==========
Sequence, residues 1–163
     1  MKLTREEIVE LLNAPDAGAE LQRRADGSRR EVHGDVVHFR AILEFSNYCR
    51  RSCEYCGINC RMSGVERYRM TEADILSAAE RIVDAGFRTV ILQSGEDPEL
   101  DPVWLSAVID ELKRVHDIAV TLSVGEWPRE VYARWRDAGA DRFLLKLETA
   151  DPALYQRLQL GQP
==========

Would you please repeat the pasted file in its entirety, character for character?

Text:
Sequence, residues 1–163
     1  MKLTREEIVE LLNAPDAGAE LQRRADGSRR EVHGDVVHFR AILEFSNYCR
    51  RSCEYCGINC RMSGVERYRM TEADILSAAE RIVDAGFRTV ILQSGEDPEL
   101  DPVWLSAVID ELKRVHDIAV TLSVGEWPRE VYARWRDAGA DRFLLKLETA
   151  DPALYQRLQL GQP